What you have to do is choose a path.

In my guitar lessons, I’ve been diving into music theory and various concepts that apply specifically to the guitar. I could easily get drowned in music theory. It did happen once, and I actually panicked.

Now that I have these concepts in my lap, I have to work on them every day for years to get to a point where I can effective utilize them in my playing and songwriting.

Now, I have to decide where I want to go with it. I’m thinking of tasty blues-style lead playing. This is a good example of where I’d like to go.

I’m choosing this style, not because it’s easy. In fact, it’s far from easy. However, it is spacious and open. I do not feel the need to fill every single beat of the music with as many notes as humanly possible.

My first goal is to get to a place where I can improvise something interesting and musical. Should I happen to build speed, which could happen since I work with a click track or backing tracks, then that will be a bonus.

The reason why I have to choose a path is simply because life is too short. If I try to learn as much as possible about guitar, and I don’t make music, then there might be little point to it all, beyond accomplishing things for my own growth.

Supposing that I go with the path of a tasty blues-style lead player, I can focus on the aspects of that particular style. I don’t have to sit and spend time on Classical playing, or metal shredding, and similar things. There are an infinite amount of paths to take.

That’s not to say that I could not later wish to focus on those and add aspects of it to my own path and style.

The point is to get good at what you want to play.

Communicate with your teacher/mentor about your goals and challenges. Do your homework. Practice every single day. 20 minutes per day, every day, is by far better than a few hours during the weekend. Building synaptic connections in your brain, and having those work in conjunction with your muscles, is the goal with daily practice.

Ask questions. Talk about what’s not yet working for you, and why. Be open to critiques about your playing, as well as your technique.

Being interested, curious, and willing to learn, are good attributes for any student.

1977 Bedroom
Making do with what I had [1977]
Remember to have fun and enjoy it.

For me, outside of a brief period in my relatively recent past, where I had some anxiety related to learning music theory, I’ve truly enjoyed every minute that I’ve ever spent with an instrument.

That difficulty I had there is not the first time that I’ve encountered difficulty. It’s also not the first time that I’ve had some anxiety. Sometimes it can happen.

When it does happen, it’s important to stop, breathe, and put it all into perspective.

You’re learning how to do something that will ultimately be fun. Try to relax, and enjoy the learning process, as well as the horrible sounds that you’ll make at first. There is work to be done, but the results are worth it all.

I am in a place where I am accepting entry-level music students. If you are interested, then please consider visiting my website for more info, and then contacting me if you have any questions. You can also leave comment questions on this blog.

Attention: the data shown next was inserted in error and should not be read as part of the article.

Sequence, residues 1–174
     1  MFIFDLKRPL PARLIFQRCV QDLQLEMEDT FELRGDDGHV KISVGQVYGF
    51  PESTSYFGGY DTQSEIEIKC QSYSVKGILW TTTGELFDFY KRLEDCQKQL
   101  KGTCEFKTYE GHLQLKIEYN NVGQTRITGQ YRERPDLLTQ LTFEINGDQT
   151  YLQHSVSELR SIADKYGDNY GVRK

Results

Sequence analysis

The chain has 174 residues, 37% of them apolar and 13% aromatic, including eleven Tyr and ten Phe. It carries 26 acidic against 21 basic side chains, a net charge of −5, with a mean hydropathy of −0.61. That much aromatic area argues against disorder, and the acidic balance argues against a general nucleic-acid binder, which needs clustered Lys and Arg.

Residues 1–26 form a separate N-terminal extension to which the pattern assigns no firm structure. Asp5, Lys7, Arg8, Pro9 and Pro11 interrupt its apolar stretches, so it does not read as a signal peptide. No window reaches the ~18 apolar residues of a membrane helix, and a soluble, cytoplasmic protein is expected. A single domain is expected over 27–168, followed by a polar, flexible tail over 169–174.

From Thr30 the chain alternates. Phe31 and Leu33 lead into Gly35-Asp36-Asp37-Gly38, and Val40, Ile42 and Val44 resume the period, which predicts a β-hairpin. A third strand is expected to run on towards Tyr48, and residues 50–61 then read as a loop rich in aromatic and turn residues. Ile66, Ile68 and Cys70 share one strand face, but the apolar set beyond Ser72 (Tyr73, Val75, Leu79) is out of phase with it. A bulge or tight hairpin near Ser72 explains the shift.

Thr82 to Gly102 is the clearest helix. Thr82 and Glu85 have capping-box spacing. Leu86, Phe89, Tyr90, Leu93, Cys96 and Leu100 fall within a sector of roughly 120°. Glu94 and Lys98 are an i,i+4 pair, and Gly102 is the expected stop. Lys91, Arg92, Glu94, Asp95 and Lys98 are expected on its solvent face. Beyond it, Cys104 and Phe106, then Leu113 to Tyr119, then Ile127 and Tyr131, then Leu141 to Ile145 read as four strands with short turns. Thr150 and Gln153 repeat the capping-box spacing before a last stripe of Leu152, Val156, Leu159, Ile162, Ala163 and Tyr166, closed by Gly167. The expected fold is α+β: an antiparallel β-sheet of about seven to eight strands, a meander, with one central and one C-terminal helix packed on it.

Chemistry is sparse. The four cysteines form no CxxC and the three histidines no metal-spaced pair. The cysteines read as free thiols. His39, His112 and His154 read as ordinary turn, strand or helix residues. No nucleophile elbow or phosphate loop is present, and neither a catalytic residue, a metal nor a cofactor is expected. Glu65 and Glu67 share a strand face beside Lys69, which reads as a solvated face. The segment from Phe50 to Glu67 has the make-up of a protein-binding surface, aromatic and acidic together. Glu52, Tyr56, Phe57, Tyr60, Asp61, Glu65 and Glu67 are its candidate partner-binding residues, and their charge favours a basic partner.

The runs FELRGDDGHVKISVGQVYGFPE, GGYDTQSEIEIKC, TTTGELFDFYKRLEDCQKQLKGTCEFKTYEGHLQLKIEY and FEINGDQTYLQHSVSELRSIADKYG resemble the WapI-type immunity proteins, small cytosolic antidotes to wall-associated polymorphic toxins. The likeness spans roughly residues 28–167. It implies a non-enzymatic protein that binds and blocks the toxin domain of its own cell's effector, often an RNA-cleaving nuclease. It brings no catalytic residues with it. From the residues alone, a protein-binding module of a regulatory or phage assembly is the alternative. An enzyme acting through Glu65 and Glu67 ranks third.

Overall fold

So whenever someone says that you’re “not a musician” because you can’t do something, remember that they might be a jerk, or they could be insecure. “You’re right. I cannot play that. Yet.”

For almost 50 years, I have enjoyed being a student of music. I am looking forward to the continuation of this journey. I’m excited to find out what will happen next.


Style, Feel, Perspective, and Music as a Language

There was a time when I had an interest in managing bands. My first attempt at this was with an all-girl punk band. They had some really powerful songs. Overall, I truly appreciated what they had to offer. Unfortunately, when I expressed this to them, things fell apart.

“You have some fantastic songs here. Your stage presence is on-point and accessible, and your style and feel is very unique.”

If I said this about your band, you might take it as a compliment. That’s because it is a compliment. However, the lead guitarist of the band did not see things that way, so she repeated back her perception of what I said in order to gain some clarity.

“So, what you’re saying is that we’re all fluff, but that we’re not good musicians?”

This was painful, so I had to respond to it.

“Hey, I’m not gonna say you’re virtuoso performers, and in all fairness, I only know a few true virtuoso players. I’m not one of them.”

I left the post-show meeting, knowing that I would not be representing them. It was the last time I ever saw them again, as a band. What happened?

Finding Your Voice

Before I get into what happened, I should be clear that my compliments to them were not hollow. As musicians, we are all given a set number of notes and pitches. With these limited number of options, we have to come up with our own combination, so that we can deliver something original.

In this band, the drummer delivered some bombastic beats. Parts might sound familiar, but she had her own STYLE added to it. The lead guitarist played some melodies, with dead notes here and there, that got into the realm of 8th notes, at best. The rhythm guitarist painfully pushed out barre chords with down-strokes only. The bassist was always riding 8th notes on the root note of the chord being played.

Overall, it does not seem all that original, when you put it on paper. In fact, it sounds rather boring to me.

But they had a style, both in their presence and playing. They had a feel about their performance. They were bringing originality to their music, which was sorely in dire need of that. Their originality was what made it all work.